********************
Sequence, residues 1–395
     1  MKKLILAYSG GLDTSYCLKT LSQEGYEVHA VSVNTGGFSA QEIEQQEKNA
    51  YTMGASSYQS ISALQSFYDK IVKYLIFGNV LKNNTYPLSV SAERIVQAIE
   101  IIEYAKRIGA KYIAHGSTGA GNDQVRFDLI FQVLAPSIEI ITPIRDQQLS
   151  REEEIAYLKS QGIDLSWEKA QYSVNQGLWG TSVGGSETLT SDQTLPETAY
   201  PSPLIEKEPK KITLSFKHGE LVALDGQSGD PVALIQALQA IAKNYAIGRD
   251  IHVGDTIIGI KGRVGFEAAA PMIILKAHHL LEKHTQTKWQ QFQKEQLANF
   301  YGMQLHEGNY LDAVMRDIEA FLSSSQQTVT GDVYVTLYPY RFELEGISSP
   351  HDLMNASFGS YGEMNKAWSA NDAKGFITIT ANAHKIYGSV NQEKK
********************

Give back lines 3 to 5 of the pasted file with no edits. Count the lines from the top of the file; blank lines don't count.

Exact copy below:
    51  YTMGASSYQS ISALQSFYDK IVKYLIFGNV LKNNTYPLSV SAERIVQAIE
   101  IIEYAKRIGA KYIAHGSTGA GNDQVRFDLI FQVLAPSIEI ITPIRDQQLS
   151  REEEIAYLKS QGIDLSWEKA QYSVNQGLWG TSVGGSETLT SDQTLPETAY